When Does A Drive-By Appraisal Make Sense?
Drive-by appraisals are popular with many home buyers or sellers due to their lower cost as compared with traditional appraisals. Because they are limited to an external inspection, drive-by appraisals may also be advantageous to property sellers if the interior of the home is prone to issues or less spacious than property records indicate. As a general rule though, reasons why a drive-by appraisal may occur include:
- An appraiser may find that it is preferable to perform a drive-by appraisal while a home is in a stage of foreclosure.
- Noting that a homeowner with a lot of equity built up in their property is a lower risk to lenders, a drive-by appraisal may suffice for those looking to obtain a home equity line of credit (HELOC) or refinance.
- Due to how COVID-19 has impacted appraisals and closings, a drive-by appraisal may prove a safer option overall.
Pros And Cons Of A Drive-By Appraisal
As above, there are both benefits and drawbacks associated with drive-by appraisals. When determining whether or not to proceed with one, you’ll want to consider the following:
- Drive-by appraisals cost less than full appraisals.
- Exterior appraisals can be completed much faster.
- Homeowners can relax without the need to worry about having to clean up or manage appointments, as they might with a full appraisal.
- A drive-by appraisal can be conducted without having to let anyone into your home.
- Interior factors which may negatively impact the value of your home may go unnoticed.
- Values may be subjective, as an appraiser may miss structural damages or other flaws only visible from inside the house.
- Online resources may be inaccurate.
- Borrower-supplied interior photos create a greater risk of fraud.
- Multiple listing services (MLS) property data and tax data that appraisers have to draw upon may be outdated.
- No ability for appraisers to measure interior living area.
FAQs About Drive-Appraisals
Those considering a drive-by appraisal may have a number of frequently asked questions (FAQs) that spring to mind. Answers to several common ones follow.
Are Drive-By House Appraisals FHA-Approved?
The Federal Housing Administration (FHA) is currently accepting drive-by appraisals for FHA loans due to COVID-19 regulations. Given growing government motivation to promote public health and safety, Fannie Mae and Freddie Mac have also been instructed to allow drive-by appraisals.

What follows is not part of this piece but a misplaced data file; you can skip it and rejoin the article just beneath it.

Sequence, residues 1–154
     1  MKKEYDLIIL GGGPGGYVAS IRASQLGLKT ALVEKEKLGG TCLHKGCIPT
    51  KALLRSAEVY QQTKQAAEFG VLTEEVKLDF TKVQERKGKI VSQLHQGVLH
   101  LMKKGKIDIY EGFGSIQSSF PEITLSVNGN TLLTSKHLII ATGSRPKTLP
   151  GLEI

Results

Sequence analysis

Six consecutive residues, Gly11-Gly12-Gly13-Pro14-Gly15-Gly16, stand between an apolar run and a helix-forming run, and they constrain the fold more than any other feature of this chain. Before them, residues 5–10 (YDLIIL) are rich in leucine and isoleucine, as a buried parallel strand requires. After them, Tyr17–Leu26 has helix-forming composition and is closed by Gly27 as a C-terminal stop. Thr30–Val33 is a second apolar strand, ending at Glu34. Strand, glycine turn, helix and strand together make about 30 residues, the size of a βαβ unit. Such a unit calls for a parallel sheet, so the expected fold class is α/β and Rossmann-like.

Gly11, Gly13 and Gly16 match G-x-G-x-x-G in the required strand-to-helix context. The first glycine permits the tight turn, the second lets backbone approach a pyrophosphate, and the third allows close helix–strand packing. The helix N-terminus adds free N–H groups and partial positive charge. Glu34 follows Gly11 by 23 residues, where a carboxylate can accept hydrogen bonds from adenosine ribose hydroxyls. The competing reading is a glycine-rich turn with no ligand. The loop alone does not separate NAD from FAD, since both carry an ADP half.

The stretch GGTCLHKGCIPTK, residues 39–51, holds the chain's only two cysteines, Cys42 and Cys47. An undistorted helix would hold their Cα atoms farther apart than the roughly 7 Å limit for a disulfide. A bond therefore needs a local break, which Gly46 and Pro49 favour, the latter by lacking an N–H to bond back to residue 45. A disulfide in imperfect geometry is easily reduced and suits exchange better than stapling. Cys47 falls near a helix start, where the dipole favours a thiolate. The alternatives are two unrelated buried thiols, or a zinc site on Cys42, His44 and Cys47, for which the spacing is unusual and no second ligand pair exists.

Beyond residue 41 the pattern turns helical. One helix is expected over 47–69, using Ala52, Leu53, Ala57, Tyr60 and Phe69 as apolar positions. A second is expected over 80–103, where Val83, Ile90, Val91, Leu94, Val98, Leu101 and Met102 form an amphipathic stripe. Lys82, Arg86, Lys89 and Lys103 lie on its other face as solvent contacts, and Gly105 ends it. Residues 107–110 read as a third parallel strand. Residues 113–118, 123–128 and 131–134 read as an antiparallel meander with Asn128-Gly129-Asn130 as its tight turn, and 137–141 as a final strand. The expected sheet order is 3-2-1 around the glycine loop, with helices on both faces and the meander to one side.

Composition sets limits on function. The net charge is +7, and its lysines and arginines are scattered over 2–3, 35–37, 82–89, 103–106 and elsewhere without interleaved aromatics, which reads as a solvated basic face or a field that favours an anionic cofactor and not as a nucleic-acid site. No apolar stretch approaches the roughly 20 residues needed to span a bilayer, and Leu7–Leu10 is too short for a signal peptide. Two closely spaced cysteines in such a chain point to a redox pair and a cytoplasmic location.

Can A Drive-By Appraisal Be Used To Refinance?
Drive-by appraisals are now a common practice when refinancing a mortgage, as a home with a lot of equity built up within it poses a lower risk to lenders.
How Do The Costs Of A Drive-By Appraisal Compare?
A full appraisal can commonly cost $300 – $500. Drive-by appraisals, which often cost less, are typically priced at a fraction of standard inspection fees and take less time to boot.
Are There Any Potential Downsides Associated With A Drive-By Appraisal?
As compared with a full appraisal, a drive-by appraisal – which is less thorough – may overlook items (especially interior items) that might decrease the value of the home.
The Bottom Line
The core benefit of a drive-by appraisal is that an appraiser doesn’t actually need to come inside your home to conduct one. Instead, these licensed professionals simply drive by your property to take pictures, survey the surrounding area, and make sure that a home that you’re looking to purchase actually matches its description on paper. Any further work on the part of the appraiser is done by analyzing and assessing real estate records on the house and neighboring properties, including reviewing recent sales of comparable homes.